What she’s reading: A Rick Steves guidebook to Croatia, where she’ll be traveling this summer.
Words she lives by, in particular when it comes to religion, according to her grandmother: “If you’re smart, you’ll take a little bit from here and a little bit from there, and you’ll find that we’re actually much more similar than we thought.”
School’s out at Seattle Jewish Community School. But guess where Elizabeth Siegel is? When JTNews caught up with her, she was still in the building, cleaning out six years’ worth of 4th grade lessons, old papers, and maybe a dog treat or two.
Like her colleagues, she’ll soon be heading out on summer vacation — this year to Croatia and Slovenia, of all places. But unlike her colleagues, Siegel won’t be back in the fall.
“It’s just time for a new challenge and a change,” she says.
But you can tell that a conversation about the 4th and 5th grade classes she has taught for the past six years makes her wistful about what she’s decided to leave behind.
“I have such a passion for working with kids, being able to show them how much power that each individual has in being able to create change within their community or their world,” Siegel says.
Shoshana Bilavsky, head of school at SJCS, says that Siegel “understands the meaning of Jewish education and the importance of Jewish education for the Jewish people.”
Though she taught general studies subjects such as English and mathematics, her passion lies in civics and government. Highlights over the years included trips to Olympia, where her students met with legislators, and, this year, a trip to Swedish Hospital after a unit on the human body so they could see how it works up close.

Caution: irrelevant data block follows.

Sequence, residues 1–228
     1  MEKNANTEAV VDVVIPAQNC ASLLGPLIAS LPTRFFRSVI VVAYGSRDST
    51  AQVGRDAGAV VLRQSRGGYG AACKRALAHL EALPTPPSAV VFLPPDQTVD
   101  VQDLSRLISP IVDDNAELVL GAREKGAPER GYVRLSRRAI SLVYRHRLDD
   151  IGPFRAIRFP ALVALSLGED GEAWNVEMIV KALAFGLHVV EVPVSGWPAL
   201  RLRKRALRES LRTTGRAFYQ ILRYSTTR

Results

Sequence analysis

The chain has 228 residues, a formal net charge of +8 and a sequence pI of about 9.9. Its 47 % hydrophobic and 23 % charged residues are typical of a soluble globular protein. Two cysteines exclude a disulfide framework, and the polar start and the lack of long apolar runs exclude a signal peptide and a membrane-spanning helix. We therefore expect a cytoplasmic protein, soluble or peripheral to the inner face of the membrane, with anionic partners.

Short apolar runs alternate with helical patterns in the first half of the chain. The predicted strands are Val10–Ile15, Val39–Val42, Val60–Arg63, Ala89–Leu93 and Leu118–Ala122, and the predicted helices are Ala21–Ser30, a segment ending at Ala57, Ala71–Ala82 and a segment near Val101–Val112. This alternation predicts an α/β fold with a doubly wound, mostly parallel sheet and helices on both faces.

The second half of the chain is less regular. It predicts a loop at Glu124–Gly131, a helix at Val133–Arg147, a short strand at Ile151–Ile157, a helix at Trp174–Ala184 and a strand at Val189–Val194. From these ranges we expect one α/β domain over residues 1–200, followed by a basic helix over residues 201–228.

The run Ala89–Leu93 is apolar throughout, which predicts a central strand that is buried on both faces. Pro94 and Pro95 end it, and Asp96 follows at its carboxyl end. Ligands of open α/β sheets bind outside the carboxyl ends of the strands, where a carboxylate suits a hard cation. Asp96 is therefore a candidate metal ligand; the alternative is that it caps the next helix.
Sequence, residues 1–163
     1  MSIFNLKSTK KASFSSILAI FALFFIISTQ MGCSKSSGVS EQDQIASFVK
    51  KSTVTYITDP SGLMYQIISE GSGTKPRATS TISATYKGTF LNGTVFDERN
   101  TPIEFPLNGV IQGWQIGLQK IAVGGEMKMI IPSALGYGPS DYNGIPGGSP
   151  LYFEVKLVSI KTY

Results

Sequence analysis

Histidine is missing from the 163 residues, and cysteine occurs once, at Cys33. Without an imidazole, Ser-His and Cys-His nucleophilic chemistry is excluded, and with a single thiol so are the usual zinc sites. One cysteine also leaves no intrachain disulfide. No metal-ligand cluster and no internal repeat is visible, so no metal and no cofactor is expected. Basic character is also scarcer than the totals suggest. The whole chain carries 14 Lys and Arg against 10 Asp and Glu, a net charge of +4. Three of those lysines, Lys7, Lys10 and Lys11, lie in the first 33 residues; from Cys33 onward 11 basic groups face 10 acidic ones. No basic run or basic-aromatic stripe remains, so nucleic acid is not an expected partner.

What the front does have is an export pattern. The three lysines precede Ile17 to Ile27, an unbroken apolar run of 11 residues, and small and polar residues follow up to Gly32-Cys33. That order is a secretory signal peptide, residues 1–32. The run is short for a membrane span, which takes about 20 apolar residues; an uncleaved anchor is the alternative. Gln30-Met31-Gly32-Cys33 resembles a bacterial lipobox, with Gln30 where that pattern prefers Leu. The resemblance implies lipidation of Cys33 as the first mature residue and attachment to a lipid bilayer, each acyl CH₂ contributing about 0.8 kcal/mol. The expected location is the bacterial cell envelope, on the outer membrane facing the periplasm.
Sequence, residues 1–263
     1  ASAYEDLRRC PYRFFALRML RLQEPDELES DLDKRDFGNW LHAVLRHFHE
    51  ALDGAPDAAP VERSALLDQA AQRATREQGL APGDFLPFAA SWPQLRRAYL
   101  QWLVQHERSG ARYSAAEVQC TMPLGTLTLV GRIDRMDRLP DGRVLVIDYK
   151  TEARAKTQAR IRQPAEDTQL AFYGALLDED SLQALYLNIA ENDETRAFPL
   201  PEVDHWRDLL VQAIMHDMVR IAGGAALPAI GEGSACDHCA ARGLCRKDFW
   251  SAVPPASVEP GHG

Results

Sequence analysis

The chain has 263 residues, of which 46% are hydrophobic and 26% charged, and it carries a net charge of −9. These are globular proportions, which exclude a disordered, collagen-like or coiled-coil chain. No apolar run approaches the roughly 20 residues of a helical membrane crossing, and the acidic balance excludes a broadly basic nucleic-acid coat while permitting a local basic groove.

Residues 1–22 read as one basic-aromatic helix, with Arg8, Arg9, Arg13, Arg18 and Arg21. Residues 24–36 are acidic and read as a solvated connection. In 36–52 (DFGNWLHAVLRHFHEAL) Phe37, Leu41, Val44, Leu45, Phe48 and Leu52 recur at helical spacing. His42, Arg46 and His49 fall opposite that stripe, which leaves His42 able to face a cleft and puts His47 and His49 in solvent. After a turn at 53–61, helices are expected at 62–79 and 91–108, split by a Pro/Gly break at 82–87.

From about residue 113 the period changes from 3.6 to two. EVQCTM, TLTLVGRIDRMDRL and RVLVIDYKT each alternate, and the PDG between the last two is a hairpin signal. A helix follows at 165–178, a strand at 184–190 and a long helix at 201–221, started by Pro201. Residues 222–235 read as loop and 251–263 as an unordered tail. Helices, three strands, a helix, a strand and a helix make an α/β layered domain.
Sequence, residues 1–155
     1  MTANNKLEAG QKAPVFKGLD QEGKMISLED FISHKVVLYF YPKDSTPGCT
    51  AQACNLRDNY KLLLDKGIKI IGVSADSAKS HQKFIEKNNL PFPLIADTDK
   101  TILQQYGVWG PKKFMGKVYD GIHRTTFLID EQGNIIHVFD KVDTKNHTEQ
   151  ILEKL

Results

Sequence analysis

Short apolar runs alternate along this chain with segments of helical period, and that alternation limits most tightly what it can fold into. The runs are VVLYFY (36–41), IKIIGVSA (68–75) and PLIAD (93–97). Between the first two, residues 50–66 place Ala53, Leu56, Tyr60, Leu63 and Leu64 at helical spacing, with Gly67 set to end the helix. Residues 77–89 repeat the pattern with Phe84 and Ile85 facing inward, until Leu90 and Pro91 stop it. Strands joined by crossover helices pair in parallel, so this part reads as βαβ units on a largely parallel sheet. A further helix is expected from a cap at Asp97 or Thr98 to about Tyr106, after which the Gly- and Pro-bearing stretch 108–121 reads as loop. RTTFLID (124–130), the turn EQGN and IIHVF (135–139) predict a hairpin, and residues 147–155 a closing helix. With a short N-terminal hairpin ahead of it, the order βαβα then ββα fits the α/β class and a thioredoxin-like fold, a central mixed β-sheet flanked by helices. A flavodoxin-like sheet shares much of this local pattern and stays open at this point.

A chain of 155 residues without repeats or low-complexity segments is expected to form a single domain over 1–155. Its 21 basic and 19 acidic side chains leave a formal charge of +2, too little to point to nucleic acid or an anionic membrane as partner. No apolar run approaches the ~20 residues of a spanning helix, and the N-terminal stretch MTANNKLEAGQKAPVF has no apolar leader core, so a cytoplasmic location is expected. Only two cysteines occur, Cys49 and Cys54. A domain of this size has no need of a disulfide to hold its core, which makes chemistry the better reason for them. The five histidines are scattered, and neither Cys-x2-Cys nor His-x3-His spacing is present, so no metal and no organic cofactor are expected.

“I love experiential learning,” she says. “I think that’s the best way for the kids.”
She also modified the SJCS philosophy of derech eretz, which teaches the idea of working together to create a better world, from the concept of tzedakah to justice. Rather than just taking care of the less fortunate, she says, “it’s ‘What is the right thing to do?’”
At the same time she was teaching, Siegel also became very active in local politics. Her connections allowed her to take her students on what she calls “the private tour” when they visited Olympia.
She limited the politics in the classroom to the functions of government and discussion of important issues in a context that would allow her students to effect change, but Siegel says the “parents knew and the community knew where I would hang my hat.”
Where she hangs her hat, aside from advocating against animal cruelty — she even brought her dog Scout to class on occasion — includes serving as vice chair of the 36th district Democrats and as associate director for a fellowship held by the Institute for a Democratic Future that introduces young leaders to our state’s political issues.
“The fellows that come to the program expect a high-quality program because of the work she has done,” says Jason Bennett, the Institute for a Democratic Future’s executive director. “What the program is today, she really helped crystallize that.”
But her political involvement manifests itself in the Jewish community as well. She sits on the board of the Washington State Democratic Jewish Caucus, a recently revived group that successfully fought down what Siegel called “an anti-Israel resolution basically saying we don’t support Israel” at last month’s convention.
Siegel also co-founded the now-defunct Menschworks social action program through the Jewish Federation of Greater Seattle and is currently working her way through AIPAC’s leadership development program.
Teaching at SJCS “brought her closer to Judaism in a different way than she [understood],” Bilavsky said, “back to her heritage.”
So what does Siegel plan to do next? It could be teaching, it could be politics, it could be something completely different. Whatever it is, it’s written in her DNA that she will somehow serve her community.